Thursday, July 5, 2012

Veneer - A mystery to most modern amateur woodworkers


Most amateur woodworkers and many professional woodworkers have never used wood veneer in a project. But most of us have used plywood products in our projects. And we all know that plywood is made from veneer, usually oak, cherry, maple, and to a lesser extent, more exotic woods like walnut. Plywood is also available in some tropical hardwoods, but finding it is exceedingly difficult. For my Mahogany entertainment center, for example, I need plywood made with very fine South American Mahogany veneer. I seriously doubt such plywood even exists in a commercial product, but if it did, I would expect it to be extremely expensive. So I really only have two options: I could make the entire project out of solid Mahogany. The problem doing this is very simple, Mahogany hardwood is very scarce and in my area, is priced starting at over $11.00 per board foot. And I would have to find enough solid mahogany that is consistent in color, figure, and free from defects, and in the thickness I need for each of the constituent parts. This would be a very expensive option and difficult option.

My other option is to make my own plywood out of high quality Mahogany veneer, which means I only need to find a relatively small amount of solid Mahogany for the legs, door styles and rails, etc. The very first class I ever took at the Marc Adams School of Woodworking was a class taught by Darryl Kiel, president of Vacuum Pressing Systems, on the basics of working with veneer. This class completely changed my woodworking life and taught me a wonderful and very different approach to woodworking. Even extremely scarce and exotic hardwood that would be impossible to find as solid wood is usually available as veneer. In fact, by turning precious and scarce hardwood into veneer, veneer manufacturers are effectively preserving a scarce resource. By learning to work with veneer, a woodworker is able to take advantage of this fact in his own projects.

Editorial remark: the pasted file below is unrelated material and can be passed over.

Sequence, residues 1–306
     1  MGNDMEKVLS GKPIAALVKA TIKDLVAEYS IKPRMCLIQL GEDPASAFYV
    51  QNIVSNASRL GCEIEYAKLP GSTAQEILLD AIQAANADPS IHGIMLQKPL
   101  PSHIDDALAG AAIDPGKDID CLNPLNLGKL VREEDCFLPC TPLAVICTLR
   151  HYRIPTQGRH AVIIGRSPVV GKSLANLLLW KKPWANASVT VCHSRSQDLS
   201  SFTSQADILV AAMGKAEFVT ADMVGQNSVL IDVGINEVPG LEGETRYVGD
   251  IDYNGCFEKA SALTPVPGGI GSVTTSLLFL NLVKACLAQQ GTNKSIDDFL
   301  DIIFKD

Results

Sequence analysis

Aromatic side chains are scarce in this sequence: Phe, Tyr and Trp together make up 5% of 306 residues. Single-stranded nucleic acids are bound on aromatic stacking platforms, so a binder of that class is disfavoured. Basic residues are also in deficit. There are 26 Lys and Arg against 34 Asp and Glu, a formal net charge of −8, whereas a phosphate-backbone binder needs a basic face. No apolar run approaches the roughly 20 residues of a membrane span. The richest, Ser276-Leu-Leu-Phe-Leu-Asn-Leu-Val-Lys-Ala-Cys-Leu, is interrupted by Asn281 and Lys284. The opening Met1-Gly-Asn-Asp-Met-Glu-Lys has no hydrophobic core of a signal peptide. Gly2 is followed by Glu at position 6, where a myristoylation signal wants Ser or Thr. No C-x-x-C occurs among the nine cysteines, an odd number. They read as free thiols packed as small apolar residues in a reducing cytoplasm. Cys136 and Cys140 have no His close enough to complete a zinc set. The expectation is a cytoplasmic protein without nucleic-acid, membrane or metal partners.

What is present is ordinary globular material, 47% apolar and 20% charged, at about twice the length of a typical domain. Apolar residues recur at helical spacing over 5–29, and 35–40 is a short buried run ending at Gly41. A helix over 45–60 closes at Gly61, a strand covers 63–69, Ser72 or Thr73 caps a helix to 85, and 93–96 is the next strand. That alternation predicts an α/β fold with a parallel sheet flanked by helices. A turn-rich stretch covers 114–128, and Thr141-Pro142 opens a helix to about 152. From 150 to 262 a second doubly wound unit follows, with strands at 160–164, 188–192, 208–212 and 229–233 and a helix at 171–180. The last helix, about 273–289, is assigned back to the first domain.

Finding veneer locally, however, might be a challenge in itself. Small quantities of some veneers are available through woodworker stores like Woodcraft, but you will not find large quantities or scarce veneer. For that, I use Certainly Wood out of New York. They have a huge selection of veneers from all over the world, and have an extremely knowledgeable sales staff. There are numerous other sources on the Internet for veneer, but I have been very please with both the quality of the veneer I received from Certainly Wood and with their sales staff.


If you do any serious work with veneer, a must have tool is a vacuum press.


The vacuum press works on the principle that if you remove all the air from inside the bag, the weight of the atmosphere will press evenly on whatever is inside the bag. Depending upon your elevation above sea level, a vacuum press is capable of putting between 1500 and 1700 pounds per square foot of pressure on the object you are gluing. Here is a picture of some panels being pressed between two MDF platens:


I purchased this vacuum press a few years ago from Vacuum Pressing Systems and have been very pleased with its performance. When I’m not using the system, the poly bag rolls up and is stored in a box and the vacuum pump lives in one of my drawers. The entire system can be put away out of site and takes up very little room in the shop.

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